“This study explains why there are so many versions of the MHC genes, and why the ones that cause susceptibility to diseases are being maintained and not eliminated,” says biology Professor Wayne Potts. “They are involved in a never-ending arms race that causes them, at any point in time, to be good against some infections but bad against other infections and autoimmune diseases.”

By allowing a disease virus to evolve rapidly in mice, the study produced new experimental evidence for the arms race between genes and germs – known technically as “antagonistic coevolution.” The findings will be published online the week of Feb. 6, 2012, in the journal Proceedings of the National Academy of Sciences.

Potts, the senior author, ran the study with first author and former doctoral student Jason Kubinak, now a postdoctoral fellow in pathology. Other co-authors were biology doctoral student James Ruff, biology undergraduate C. Whitney Hyzer and Patricia Slev, a clinical assistant professor of pathology. The research was funded by the National Science Foundation and the National Institute of Allergy and Infectious Diseases.

February 9, 2012 Posted by | Medical and Health Research News, Public Health | , , , , , , | Leave a comment

New Findings Challenge View of Key Part of Immune Defense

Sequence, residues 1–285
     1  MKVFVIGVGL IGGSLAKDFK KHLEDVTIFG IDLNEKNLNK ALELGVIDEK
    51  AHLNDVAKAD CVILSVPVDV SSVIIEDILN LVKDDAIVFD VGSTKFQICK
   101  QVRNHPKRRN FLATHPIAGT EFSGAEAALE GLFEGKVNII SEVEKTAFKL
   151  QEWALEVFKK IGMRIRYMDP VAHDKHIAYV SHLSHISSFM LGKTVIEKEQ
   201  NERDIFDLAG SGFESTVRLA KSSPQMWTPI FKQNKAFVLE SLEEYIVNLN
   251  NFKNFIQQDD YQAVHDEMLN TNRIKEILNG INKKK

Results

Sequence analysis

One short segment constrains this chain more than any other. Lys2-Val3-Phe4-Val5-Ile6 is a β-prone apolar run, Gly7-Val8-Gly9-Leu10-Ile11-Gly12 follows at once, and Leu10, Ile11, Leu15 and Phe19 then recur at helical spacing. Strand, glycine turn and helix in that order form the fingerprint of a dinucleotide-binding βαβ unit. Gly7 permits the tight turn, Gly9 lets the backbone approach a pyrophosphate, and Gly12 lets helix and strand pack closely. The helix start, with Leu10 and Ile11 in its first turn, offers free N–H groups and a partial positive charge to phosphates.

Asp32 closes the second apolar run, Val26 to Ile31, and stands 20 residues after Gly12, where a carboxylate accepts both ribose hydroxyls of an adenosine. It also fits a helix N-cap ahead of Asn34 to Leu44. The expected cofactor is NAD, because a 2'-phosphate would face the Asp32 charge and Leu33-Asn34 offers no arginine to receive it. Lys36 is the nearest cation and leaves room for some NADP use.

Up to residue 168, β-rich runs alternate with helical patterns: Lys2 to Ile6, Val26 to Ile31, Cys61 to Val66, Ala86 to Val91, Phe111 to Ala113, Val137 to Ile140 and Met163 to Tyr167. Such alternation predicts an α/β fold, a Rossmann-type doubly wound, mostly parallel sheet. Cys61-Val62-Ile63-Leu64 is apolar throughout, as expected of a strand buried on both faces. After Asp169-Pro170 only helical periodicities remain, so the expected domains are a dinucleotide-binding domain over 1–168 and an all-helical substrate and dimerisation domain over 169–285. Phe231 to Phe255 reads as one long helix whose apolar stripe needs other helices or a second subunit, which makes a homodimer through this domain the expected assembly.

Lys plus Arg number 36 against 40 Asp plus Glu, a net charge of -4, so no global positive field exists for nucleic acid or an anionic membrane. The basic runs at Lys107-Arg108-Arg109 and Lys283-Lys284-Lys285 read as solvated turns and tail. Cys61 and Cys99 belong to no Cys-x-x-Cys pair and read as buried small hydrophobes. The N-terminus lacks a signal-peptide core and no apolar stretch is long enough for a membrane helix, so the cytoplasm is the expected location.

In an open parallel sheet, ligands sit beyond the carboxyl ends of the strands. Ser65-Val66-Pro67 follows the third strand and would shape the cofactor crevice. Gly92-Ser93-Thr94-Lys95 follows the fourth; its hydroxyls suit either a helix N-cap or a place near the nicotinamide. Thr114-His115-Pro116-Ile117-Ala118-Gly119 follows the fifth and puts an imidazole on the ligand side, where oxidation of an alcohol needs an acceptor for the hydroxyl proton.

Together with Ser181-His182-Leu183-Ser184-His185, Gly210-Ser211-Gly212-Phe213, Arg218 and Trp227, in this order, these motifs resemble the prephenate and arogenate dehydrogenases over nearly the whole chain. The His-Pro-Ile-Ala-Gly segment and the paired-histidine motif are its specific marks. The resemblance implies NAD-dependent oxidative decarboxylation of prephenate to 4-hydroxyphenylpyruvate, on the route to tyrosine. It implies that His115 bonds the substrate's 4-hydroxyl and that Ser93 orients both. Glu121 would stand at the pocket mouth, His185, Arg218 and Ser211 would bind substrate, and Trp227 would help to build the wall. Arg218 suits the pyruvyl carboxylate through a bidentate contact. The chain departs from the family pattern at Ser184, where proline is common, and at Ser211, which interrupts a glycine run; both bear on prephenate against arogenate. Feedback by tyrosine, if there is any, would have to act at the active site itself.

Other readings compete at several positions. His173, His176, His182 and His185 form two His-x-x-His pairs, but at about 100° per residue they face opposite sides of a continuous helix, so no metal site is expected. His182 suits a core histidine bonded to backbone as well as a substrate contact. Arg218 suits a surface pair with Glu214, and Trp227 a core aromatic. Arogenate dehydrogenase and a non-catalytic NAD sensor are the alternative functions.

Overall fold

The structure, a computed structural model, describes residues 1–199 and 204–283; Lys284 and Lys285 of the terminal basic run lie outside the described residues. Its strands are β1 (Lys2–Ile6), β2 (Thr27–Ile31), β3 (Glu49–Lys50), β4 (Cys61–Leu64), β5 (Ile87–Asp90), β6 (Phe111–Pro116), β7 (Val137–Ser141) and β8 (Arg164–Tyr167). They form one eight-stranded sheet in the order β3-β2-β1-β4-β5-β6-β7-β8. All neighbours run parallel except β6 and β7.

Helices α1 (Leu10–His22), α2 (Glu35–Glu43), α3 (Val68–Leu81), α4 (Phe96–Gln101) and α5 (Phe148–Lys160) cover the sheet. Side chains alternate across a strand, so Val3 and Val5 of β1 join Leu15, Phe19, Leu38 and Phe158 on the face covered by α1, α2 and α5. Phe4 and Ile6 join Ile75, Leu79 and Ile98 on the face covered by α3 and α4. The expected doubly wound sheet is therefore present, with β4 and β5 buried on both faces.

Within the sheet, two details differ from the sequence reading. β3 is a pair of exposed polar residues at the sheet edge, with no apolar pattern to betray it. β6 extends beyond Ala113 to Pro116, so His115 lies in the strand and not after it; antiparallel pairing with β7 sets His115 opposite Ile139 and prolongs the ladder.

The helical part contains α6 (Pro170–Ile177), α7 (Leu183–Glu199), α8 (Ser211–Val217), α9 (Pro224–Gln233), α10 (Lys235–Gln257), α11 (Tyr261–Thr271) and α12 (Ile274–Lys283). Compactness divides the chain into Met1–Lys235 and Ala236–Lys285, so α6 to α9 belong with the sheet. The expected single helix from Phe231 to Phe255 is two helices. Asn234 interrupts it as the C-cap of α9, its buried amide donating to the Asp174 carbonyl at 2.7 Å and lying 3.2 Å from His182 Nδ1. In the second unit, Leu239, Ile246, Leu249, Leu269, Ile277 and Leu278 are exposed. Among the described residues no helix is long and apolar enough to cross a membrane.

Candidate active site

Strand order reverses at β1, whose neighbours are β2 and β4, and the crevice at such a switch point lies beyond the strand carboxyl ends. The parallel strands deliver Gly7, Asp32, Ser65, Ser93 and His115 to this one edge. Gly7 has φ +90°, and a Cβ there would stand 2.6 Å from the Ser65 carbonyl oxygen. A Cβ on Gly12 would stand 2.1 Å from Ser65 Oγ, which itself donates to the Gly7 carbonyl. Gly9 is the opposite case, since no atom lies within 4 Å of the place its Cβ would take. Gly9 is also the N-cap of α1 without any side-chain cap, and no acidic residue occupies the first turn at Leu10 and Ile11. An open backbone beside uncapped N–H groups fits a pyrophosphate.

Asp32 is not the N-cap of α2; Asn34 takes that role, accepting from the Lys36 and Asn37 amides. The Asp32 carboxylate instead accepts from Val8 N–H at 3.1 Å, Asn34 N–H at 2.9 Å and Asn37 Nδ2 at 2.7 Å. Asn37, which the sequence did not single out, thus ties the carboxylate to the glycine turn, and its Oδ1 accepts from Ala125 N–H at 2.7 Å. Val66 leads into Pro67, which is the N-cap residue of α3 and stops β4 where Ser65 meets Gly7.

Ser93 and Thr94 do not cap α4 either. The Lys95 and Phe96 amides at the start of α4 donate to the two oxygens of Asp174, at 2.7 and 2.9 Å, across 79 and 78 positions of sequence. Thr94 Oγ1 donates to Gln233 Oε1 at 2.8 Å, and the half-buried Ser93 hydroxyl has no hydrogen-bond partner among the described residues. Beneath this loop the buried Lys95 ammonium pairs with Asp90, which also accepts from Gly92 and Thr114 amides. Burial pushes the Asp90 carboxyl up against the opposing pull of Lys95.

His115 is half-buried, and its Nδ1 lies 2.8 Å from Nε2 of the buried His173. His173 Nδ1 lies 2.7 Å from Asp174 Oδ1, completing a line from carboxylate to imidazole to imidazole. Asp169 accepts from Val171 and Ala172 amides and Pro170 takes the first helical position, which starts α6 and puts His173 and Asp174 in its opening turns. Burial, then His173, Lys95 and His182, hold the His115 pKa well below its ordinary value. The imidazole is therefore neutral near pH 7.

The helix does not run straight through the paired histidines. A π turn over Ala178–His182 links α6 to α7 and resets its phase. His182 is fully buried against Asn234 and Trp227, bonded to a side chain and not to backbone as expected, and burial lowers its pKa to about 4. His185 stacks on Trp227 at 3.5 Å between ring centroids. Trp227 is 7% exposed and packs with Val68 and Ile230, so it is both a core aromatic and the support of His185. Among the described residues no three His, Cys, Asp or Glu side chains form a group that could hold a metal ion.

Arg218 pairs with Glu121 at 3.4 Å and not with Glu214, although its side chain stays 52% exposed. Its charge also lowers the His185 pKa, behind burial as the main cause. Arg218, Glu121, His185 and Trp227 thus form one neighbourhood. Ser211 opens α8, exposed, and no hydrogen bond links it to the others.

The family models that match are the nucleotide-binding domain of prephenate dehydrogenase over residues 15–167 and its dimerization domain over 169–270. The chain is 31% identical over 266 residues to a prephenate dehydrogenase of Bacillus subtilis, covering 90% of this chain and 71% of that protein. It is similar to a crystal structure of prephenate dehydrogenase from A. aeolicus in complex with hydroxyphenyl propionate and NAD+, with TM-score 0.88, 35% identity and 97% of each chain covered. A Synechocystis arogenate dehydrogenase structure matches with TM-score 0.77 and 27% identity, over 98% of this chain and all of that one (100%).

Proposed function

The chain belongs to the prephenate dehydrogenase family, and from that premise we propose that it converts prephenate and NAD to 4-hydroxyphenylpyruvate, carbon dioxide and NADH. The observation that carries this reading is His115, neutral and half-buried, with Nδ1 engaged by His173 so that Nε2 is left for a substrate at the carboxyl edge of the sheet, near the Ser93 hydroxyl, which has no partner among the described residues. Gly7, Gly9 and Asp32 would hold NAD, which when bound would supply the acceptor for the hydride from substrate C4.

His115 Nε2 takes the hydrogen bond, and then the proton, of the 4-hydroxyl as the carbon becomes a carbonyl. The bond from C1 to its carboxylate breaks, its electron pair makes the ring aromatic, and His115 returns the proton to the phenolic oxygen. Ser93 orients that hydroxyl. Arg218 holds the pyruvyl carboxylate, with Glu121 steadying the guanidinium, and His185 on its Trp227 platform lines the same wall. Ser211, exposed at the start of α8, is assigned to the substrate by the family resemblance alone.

Cells of the innate immune system include mast...

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New Findings Challenge View of Key Part of Immune Defense

From a March 3 2011 Science Daily news item

 

ScienceDaily (Mar. 3, 2011) — The natural killer cells of our immune defense are activated for an extended period after the acute infection, which challenges the prevailing view that the elevation and activation of cells quickly pass. This is shown in a study regarding vole fever that was recently published by researchers at Umeå University, Sweden in Journal of Experimental Medicine.**

***For suggestions on how to get this article for free or at low cost, click here

 

March 4, 2011 Posted by | Medical and Health Research News | , , , , , | Leave a comment

Farm Environment, Cats Help Kids Avoid Skin Disease & Related Article (Growing Up on Farm Strengthens Immune System)

Farm Environment, Cats Help Kids Avoid Skin Disease

HealthDay news image

European researchers report rural living less likely to lead to atopic dermatitis for infants

Childhood exposure to germs in the environment strengthens their immune system, according to current scientific evidence. (See  Immune System (http://www.niaid.nih.gov/topics/immuneSystem/Pages/immunity.aspx) by the National Institute of Allergy and Infectious Diseases [NIAID])